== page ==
Full of twists and turns but none of the three main characters are likeable enough to turn it into a classic. The love triangle isn't believable and quite frankly by the time it hurtles to the end, i'd stopped caring. Might be some peoples cup of tea but not mine.
Very impressive, under-the-radar, British indie. Arterton is superb and Marsan is always a pleasure to watch, especially in villainous roles like this. It's a shame Compston is a let down. The story appears simple at first; two men kidnap the daughter of a wealthy man and hold her to ransom. But every time you feel comfortable, a twist arrives, and I still can't decide if they're brilliant or ridiculous.
A film that never gets bored of itself. If anything, it constantly goes the other way from what it made you believe the last few minutes - whether it is with a sense of humour, a clever line, a twist in the plot. It didn't rock my world, but it was energetic and, ultimately, entertaining.
I thought this was pretty good, including the ending. We aren't given any clues really as to the character or family relationships of the kidnapped girl but, given what she's just been through, and given what she's found out about her supposed boyfriend, I could imagine her taking off like that with her father's money . . . wouldn't you?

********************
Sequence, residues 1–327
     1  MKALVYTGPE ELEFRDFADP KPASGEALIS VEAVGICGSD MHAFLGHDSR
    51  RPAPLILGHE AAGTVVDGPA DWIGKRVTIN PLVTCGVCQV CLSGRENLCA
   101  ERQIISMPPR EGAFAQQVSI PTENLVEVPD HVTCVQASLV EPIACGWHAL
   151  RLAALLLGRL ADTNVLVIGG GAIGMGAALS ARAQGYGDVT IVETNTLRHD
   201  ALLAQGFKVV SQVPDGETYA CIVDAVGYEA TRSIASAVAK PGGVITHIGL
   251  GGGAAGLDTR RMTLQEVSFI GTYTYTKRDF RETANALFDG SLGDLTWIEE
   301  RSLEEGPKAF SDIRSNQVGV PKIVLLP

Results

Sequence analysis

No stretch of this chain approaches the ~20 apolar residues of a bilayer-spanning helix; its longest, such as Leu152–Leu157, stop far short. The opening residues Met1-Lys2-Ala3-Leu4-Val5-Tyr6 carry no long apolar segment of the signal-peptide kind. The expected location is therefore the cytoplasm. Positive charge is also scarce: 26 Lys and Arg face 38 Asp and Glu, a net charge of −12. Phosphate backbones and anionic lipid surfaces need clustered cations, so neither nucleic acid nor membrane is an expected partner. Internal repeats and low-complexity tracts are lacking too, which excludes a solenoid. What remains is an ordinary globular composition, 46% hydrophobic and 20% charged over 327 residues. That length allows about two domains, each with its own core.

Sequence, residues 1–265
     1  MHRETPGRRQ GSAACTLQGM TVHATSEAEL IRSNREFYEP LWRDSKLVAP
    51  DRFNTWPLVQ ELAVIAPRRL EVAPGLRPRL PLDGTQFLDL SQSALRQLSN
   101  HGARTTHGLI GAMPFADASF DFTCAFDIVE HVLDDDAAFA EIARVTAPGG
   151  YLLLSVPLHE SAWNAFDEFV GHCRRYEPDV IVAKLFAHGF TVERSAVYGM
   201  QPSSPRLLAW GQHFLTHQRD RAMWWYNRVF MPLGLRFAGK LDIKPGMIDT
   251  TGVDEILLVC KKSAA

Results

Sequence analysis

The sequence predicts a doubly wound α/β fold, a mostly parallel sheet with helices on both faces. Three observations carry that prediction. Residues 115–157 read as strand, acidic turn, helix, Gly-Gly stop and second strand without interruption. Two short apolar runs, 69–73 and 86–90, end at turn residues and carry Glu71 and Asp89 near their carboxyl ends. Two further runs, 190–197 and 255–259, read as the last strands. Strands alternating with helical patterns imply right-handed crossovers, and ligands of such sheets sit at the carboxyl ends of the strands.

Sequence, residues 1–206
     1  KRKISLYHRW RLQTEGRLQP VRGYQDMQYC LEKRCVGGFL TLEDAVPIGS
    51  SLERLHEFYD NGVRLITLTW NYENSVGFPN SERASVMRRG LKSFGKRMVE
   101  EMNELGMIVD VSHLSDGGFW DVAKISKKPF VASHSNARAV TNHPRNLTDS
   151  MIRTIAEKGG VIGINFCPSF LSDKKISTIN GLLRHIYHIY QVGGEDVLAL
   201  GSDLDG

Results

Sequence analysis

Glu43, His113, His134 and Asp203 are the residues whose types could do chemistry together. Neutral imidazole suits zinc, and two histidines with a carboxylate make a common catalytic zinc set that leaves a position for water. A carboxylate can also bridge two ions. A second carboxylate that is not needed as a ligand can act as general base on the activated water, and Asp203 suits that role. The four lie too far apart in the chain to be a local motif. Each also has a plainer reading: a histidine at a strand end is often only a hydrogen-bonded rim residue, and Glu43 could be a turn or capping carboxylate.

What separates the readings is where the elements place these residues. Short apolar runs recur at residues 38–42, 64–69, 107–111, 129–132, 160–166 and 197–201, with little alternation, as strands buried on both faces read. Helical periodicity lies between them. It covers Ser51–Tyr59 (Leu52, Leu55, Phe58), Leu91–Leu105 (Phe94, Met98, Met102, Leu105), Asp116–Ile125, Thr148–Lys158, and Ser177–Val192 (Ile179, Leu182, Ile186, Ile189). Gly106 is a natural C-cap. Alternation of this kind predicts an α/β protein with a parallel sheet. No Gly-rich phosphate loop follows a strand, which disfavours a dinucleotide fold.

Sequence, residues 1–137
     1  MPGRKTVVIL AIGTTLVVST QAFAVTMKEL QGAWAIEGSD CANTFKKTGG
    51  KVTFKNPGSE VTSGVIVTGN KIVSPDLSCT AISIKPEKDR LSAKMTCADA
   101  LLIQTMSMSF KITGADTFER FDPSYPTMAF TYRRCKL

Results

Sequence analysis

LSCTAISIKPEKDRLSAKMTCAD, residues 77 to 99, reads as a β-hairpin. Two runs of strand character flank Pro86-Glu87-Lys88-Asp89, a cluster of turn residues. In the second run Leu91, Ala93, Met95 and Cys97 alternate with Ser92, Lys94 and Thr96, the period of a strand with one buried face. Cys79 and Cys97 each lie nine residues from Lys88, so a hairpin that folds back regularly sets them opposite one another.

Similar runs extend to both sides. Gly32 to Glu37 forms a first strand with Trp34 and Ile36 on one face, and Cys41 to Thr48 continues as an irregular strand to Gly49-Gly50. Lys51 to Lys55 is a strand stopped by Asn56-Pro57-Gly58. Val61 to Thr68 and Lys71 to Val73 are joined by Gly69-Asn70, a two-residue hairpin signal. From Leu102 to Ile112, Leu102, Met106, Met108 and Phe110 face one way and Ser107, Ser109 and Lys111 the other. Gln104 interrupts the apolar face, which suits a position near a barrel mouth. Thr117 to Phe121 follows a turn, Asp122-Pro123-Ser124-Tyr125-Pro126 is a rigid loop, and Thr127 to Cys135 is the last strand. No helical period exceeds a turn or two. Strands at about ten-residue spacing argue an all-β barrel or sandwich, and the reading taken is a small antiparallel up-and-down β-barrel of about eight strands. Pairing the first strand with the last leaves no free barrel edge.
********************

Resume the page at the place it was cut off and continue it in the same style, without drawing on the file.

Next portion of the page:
The Disappearance of Alice Creed despite its simplistic interior formulates itself as one of the more explosive and enthralling thrillers in years. A dark sense of fear is utilised phenomenally well, as is the film’s accomplished screenplay that never allows for breath or freedom, always challenging the dynamics of the conventional thriller with its claustrophobic presence and astute trickery.
would've benefited greatly from a tighter direction, loosing some of it's jolts in exchange for psychological thrills, but despite that, it's pretty well done for a picture that only has three people, and it never steers towards a seedy exploitation film despite its content
This movie was made for Park Chan-Wook to direct. Too bad J Blakeson was assigned for the job because, despite an interesting premise and a promising first half hour, it's a meandering mess of a film polluted by hair-brained characters constantly blowing it.